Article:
Hopefully this fall foliage did the trick and helped this little Bighorn Sheep put on a few pounds for the winter ahead. Near Gardiner, MT.
An extremely well mannered Canada Goose poses with another gooses shadow on a sunny and warm November afternoon.
Out on a hike amongst the fully blooming rabbit and sage brush we noticed numerous holes along the trail. Were they Marmot or perhaps Badger. Finally near the end of the hike the question was answered when we spotted this Badger off in the distance.
It was nice to see this Badger out foraging.
Badgers dig after and feed on ground squirrels and pocket gophers, and also eat toads, frogs, birds, snakes, insects and insect grubs, wasps, bees, and worms. They sleep through most of the winter in a den, spending about 29 hours at a time in a state of torpor, rousing briefly, and then sleeping again. In torpor, which is not true hibernation, the Badger’s heartbeat slows to about half the normal rate and its temperature drops.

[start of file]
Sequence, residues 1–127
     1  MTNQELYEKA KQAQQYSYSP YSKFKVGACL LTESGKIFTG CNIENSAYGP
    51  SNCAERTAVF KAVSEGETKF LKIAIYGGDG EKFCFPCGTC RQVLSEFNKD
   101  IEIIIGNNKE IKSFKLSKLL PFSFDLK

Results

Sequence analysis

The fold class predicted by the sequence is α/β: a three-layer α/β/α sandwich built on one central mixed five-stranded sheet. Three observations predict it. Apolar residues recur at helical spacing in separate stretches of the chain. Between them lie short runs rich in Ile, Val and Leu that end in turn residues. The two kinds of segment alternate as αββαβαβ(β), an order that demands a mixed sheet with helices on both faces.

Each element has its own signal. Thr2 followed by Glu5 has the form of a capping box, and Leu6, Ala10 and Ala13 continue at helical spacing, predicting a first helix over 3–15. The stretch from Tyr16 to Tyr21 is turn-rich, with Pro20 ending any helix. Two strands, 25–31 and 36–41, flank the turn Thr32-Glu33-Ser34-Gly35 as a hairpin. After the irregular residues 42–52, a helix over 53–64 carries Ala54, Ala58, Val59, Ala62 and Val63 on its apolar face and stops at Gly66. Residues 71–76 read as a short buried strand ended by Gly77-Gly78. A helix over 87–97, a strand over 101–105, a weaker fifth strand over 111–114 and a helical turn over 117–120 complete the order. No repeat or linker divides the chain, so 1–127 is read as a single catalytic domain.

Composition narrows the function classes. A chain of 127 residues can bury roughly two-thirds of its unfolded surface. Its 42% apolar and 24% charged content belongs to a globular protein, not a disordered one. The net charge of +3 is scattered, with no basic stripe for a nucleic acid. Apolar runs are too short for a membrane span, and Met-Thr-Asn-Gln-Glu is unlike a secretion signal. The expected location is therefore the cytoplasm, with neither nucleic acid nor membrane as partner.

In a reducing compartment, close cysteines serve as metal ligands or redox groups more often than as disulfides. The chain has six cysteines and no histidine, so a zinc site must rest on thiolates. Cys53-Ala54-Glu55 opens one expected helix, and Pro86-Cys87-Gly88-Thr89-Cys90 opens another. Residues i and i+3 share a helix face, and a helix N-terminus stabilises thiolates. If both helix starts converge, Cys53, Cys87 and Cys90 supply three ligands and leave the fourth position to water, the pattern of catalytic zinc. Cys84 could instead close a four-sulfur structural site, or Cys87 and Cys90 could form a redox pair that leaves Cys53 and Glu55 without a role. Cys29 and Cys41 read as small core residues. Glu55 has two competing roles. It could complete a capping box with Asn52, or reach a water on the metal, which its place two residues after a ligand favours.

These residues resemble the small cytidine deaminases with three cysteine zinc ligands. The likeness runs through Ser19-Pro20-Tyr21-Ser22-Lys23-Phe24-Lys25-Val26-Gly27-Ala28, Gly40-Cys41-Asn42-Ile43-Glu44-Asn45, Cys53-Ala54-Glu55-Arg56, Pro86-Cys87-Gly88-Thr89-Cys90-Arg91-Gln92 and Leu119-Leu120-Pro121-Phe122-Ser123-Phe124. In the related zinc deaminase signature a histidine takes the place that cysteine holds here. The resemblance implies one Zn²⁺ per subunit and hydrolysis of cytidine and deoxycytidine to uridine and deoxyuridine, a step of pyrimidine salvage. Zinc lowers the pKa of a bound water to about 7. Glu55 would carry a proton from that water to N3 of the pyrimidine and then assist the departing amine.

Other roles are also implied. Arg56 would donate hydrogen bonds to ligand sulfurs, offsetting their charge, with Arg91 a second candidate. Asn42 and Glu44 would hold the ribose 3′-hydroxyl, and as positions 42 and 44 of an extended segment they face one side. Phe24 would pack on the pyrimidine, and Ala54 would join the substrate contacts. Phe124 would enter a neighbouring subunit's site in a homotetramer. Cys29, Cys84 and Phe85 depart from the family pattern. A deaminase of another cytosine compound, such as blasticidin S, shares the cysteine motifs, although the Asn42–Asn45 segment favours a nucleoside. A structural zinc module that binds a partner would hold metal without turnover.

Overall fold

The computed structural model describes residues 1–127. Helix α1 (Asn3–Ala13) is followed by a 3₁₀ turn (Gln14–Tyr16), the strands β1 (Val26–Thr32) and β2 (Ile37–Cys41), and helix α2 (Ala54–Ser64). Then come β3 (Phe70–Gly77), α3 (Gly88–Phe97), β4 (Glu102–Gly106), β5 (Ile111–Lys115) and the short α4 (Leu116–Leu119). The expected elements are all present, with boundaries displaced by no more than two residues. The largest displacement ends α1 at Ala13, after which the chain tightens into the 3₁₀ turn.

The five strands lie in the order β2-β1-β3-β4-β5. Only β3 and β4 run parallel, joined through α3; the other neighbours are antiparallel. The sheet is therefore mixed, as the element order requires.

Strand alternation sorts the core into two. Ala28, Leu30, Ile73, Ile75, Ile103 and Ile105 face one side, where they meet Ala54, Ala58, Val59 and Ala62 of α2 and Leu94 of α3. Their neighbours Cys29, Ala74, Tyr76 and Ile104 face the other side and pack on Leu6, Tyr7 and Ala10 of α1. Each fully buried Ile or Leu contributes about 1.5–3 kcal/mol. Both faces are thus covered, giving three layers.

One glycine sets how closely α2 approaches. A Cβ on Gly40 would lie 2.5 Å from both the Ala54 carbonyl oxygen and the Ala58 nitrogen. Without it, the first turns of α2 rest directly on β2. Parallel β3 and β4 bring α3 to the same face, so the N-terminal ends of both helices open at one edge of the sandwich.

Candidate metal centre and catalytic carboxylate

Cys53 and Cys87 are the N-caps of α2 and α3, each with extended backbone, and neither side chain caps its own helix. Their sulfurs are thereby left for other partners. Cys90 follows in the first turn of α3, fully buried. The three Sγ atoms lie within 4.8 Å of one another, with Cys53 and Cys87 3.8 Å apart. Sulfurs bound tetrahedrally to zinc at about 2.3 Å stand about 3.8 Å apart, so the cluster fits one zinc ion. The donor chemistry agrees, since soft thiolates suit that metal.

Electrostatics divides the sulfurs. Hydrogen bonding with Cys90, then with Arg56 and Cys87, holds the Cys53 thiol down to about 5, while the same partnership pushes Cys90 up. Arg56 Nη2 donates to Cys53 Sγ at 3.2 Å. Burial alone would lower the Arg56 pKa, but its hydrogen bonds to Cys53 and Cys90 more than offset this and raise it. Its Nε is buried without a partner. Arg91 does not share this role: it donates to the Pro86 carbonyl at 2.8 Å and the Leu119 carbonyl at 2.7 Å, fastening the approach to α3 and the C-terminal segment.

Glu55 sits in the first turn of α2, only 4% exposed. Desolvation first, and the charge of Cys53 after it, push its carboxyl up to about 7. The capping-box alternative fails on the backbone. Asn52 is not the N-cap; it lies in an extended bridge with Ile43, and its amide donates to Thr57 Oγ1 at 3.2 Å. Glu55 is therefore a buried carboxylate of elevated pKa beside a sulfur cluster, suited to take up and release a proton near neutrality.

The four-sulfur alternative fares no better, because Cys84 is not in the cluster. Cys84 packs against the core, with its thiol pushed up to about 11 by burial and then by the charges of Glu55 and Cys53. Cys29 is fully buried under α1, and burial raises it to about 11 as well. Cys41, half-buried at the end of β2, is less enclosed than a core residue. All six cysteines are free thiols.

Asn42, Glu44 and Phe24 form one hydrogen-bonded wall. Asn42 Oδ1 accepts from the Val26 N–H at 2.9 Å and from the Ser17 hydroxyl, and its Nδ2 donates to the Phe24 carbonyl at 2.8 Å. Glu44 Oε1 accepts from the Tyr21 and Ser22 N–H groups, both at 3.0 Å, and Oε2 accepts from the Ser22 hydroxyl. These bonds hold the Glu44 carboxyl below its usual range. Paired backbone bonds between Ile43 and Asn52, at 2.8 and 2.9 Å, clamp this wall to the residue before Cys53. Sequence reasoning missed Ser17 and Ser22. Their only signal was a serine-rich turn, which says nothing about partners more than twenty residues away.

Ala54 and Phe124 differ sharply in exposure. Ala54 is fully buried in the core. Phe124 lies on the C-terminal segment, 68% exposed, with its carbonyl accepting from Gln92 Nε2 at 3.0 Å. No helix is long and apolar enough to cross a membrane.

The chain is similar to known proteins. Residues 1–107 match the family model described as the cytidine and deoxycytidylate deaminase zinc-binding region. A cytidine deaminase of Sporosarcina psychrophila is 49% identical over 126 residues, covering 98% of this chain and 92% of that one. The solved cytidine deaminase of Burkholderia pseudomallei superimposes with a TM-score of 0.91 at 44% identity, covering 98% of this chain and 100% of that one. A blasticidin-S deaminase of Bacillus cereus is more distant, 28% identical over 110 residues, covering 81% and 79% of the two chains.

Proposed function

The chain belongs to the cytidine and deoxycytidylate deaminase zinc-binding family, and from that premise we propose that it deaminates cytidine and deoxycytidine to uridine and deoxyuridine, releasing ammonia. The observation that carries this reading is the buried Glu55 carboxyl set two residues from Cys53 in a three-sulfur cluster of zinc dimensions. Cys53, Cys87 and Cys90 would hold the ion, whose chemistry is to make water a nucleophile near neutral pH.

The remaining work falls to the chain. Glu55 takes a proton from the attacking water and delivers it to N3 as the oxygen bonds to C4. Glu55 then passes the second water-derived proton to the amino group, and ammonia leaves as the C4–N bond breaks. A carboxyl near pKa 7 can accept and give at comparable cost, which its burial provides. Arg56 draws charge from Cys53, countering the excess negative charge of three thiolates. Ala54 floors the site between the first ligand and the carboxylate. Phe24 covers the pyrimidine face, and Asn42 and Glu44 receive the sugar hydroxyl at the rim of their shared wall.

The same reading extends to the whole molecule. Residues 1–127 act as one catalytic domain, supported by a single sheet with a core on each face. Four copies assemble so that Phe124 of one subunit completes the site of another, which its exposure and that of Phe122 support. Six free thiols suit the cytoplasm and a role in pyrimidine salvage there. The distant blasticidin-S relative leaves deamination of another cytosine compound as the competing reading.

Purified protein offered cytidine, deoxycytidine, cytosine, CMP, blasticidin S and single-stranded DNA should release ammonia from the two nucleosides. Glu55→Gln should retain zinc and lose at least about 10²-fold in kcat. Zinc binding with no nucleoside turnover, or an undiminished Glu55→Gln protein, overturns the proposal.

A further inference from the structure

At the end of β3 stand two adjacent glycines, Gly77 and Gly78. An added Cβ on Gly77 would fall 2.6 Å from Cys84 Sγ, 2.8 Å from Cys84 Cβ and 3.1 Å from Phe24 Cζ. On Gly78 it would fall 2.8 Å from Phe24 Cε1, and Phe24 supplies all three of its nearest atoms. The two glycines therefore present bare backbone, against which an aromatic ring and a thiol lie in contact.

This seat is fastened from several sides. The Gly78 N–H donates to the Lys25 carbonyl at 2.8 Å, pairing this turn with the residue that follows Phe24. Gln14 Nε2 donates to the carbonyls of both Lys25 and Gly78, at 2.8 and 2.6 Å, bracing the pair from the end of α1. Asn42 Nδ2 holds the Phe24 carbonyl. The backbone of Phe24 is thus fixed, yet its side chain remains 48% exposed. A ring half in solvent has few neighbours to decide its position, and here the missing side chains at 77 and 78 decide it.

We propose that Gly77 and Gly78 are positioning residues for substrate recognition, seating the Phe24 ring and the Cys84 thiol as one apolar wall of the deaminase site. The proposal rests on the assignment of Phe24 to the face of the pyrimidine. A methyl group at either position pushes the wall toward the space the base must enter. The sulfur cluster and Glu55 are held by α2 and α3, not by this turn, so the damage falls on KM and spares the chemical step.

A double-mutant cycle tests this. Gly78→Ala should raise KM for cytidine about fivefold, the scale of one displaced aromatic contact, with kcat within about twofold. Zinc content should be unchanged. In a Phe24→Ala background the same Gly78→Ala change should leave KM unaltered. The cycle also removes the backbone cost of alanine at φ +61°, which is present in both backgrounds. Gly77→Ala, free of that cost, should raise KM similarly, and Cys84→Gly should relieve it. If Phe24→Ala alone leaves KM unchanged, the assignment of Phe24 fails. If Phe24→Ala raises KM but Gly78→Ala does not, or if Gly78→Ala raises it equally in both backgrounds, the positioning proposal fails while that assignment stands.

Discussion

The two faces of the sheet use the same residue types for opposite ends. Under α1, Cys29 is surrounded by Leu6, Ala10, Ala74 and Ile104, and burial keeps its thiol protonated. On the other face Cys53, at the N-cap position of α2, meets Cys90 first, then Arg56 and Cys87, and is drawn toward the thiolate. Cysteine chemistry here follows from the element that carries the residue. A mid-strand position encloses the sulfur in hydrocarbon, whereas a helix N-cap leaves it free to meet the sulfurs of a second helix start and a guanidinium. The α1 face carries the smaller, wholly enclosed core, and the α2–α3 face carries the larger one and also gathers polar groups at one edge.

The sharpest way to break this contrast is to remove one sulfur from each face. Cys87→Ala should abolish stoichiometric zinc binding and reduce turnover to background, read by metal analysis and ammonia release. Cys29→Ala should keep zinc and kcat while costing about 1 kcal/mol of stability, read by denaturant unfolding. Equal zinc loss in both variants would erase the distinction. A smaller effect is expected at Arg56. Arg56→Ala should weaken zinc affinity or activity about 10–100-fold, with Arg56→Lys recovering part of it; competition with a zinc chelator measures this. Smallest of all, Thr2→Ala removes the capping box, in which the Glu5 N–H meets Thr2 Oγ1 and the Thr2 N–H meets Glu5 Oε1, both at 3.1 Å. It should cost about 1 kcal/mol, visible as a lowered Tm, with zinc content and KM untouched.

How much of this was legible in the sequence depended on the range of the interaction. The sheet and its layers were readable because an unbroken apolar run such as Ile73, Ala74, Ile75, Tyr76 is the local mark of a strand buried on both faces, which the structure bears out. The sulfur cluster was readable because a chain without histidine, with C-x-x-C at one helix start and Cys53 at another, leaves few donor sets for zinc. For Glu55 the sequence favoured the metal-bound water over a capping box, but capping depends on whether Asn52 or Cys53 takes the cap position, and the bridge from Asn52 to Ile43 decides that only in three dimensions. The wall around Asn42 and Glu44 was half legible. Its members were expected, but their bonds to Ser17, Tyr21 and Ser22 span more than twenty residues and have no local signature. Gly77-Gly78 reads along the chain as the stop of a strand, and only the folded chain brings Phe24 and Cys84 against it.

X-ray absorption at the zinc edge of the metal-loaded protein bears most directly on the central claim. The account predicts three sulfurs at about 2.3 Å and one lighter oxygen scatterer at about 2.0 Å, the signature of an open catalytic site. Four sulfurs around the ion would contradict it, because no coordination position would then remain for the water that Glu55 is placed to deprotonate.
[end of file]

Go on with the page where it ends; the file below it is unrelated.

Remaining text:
Enjoy your winter Mr. badger and we will see you after your Torpor.
I have noticed that each fall I end up taking a few shots of milk weed and always say to myself that next fall I need to make a dedicated effort to photograph this wonderful plant. The same happened again this year.